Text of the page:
Dr. Alan Kadish, President of Touro College and University System, joined fellow cardiologist Dr. Eric Topol to discuss the transformative changes that are coming to healthcare, thanks to Artificial Intelligence. Topol, director of the Scripps Research Translational Institute in La Jolla, California, is a leading voice on digital health. His newest book Deep Medicine is regarded by Dr. Kadish as a must-read—“As important to healthcare as Future Shock was to the computer age.”
Dr. Kadish: Patients and their physicians are accustomed to computers in medicine running things like MRIs, CT scans and medical records. I think they need to understand how artificial intelligence in medicine differs from just using computers.
Dr. Topol: The term artificial intelligence has been around for over 50 years, but what’s new is the subset Deep Learning, which is what’s having a remarkable and likely transformative impact on healthcare because you can take medical scans of images of any type—speech, voice and text—and train machines to do things that humans would never be able to do.
Dr. Kadish: Please tell us in lay terms what Deep Learning is.
Dr. Topol: Basically it’s a story of inputs and outputs. You have massive amounts of data to train and you put it through a neural net. These are layers of artificial neurons which can distinguish features progressively, and there’s no human bias about the algorithm because the data flows through these layers are determined by the data itself. We’ve learned that you can put these data sets, from this insatiable hunger for data, and get remarkable outputs that are accurate and are superior to what humans can do.
This is the main form of AI that has really ignited the world. Just recently, the Turing Award—the most important prize in computer science—was awarded to AI pioneers Geoffrey Hinton, Yann LeCun and Yoshua Bengio. But it’s going to have its biggest implication, I believe, in medicine.
Dr. Kadish: Please give us an example of how Deep Learning is already being used, or how you see it being used in the very near future.
Dr. Topol: It’s being used with respect to scans. Lots of different medical scans, such as X-rays and CT scans, are now in hospitals—not just the U.S. but throughout the world—are first being read by a Deep Learning algorithm, and then teed up for the radiologist. On the patient or consumer level, there’s the smart watch that diagnoses heart rhythm abnormality. It senses that for you; it offers Deep Learning for you. What is your resting heart rate? Your physical activity heart rate? When something is off track, it tells you on your wrist that you should do a cardiogram. It also gives you the interpretation of that cardiogram. Those are examples that are already out there and being used on both the physician’s and patient’s side.
Dr. Kadish: One of the fascinating things that you wrote about in Deep Medicinewas the way you believe that AI will actually improve the doctor-patient relationship. How do you see that happening?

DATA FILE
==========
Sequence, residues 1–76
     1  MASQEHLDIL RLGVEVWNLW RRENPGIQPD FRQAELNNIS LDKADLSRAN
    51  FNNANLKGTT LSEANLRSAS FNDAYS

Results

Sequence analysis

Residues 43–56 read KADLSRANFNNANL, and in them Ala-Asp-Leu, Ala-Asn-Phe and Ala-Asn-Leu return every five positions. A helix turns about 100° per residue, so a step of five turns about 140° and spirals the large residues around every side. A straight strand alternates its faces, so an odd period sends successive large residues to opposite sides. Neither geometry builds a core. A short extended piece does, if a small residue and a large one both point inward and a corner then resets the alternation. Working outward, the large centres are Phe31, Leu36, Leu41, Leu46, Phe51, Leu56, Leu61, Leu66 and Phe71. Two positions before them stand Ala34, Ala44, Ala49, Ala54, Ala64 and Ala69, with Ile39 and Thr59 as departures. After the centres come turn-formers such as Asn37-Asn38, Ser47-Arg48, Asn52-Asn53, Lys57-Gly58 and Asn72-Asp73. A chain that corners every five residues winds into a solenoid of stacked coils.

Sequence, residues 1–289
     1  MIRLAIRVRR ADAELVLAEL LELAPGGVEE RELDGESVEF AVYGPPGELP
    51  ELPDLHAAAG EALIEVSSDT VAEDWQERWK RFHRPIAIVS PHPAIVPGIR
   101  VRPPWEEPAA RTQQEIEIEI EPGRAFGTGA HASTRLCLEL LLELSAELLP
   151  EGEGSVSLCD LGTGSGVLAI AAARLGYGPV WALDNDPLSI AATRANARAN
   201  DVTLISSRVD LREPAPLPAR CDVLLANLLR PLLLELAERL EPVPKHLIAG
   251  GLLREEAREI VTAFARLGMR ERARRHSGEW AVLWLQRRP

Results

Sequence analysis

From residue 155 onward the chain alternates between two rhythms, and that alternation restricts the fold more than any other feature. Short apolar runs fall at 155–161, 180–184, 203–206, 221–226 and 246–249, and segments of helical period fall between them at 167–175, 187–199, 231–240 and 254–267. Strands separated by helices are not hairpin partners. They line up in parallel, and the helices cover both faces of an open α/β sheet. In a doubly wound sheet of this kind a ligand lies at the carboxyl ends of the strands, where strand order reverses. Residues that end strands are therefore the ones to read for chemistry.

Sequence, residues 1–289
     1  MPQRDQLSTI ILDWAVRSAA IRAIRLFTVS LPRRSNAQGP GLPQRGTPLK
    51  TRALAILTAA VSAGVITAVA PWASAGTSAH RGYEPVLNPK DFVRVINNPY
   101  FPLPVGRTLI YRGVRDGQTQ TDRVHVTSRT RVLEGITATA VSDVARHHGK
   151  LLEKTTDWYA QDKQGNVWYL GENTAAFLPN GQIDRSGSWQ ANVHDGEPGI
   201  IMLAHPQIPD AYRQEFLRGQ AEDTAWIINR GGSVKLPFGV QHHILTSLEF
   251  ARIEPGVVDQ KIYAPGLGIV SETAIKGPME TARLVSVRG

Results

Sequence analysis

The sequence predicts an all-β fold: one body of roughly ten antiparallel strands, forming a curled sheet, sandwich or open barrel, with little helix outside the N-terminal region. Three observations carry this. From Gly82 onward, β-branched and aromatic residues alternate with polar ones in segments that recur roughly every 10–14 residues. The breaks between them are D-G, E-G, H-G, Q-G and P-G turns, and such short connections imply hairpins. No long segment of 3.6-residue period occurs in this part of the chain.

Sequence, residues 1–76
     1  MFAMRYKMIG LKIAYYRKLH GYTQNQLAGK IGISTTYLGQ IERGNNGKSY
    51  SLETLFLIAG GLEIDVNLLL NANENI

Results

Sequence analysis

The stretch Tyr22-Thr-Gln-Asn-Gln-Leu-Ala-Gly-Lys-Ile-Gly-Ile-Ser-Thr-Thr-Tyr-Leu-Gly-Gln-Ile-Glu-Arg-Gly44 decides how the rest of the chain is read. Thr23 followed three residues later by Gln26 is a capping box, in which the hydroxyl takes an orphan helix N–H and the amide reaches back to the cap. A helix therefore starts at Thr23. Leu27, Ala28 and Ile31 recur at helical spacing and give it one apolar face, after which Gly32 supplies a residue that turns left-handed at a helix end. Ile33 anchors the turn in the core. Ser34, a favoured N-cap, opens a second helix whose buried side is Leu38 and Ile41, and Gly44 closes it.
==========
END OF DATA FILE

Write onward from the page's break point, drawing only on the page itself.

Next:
Dr. Topol: That was not my premise in doing a few years of work on this topic, but then it became abundantly clear. If we do this right—and that’s a big if—we can restore the patient-doctor relationship, which is precious and has been largely eroding over decades. The reason being is that time—the gift of time—is essential. There’s so little time between patients and doctors, and during that limited time, there’s so many mistakes, so many unnecessary tests that are ordered because there is not enough time. And that goes on with prescriptions and procedures. There’s so much waste and unnecessary things done. We can override that by giving the gift of time back to both clinicians and to patients. That’s really what the remarkable potential is here because you have so much of the work being outsourced to machines. And then you enhance the human side, which is the context, the judgment and the oversight of that work, with the communications, guidance, trust and presence—all the good things that people can do. The human-human bond. Deep Empathy is the state that we have to get back to.
Dr. Kadish: A recent article in Fortunepoints out that there’s been a lot of data that electronic medical records, which was thought to have a lot of the same promises that you are mentioning, have actually not, on balance, improved things in terms of patient care or the doctor-patient relationship. If you agree that the electronic medical record hasn’t been done right, how do we do it differently with the implementation of AI?
Dr. Topol: The article that you’re referring to “Death by 1000 clicks” examines what it now takes to be a doctor or a nurse. It was the electronic health record that made clinicians into data clerks, and it was all done for business purposes. It’s horrendous! That was because of big business—it has done nothing in terms of caring for doctors or patients. So basically, what we’re talking about now with AI, is everything that’s just the opposite. This is to make doctor’s lives better, to restore trust to patients when go to a doctor—to have that precious relationship again.
I don’t believe that the current electronic health record is tenable because each person needs to own their data. The only way you can have deep learning of your data is if you have all your data. No one has it today. It sits in various health systems, doctor’s offices, hospitals; a lot of it is being generated by the person through their sensors. It could be their genome or parts of their genome. So all these different pieces of data are not assembled, but that’s what needs to happen in order for us to go into this ability for deep learning.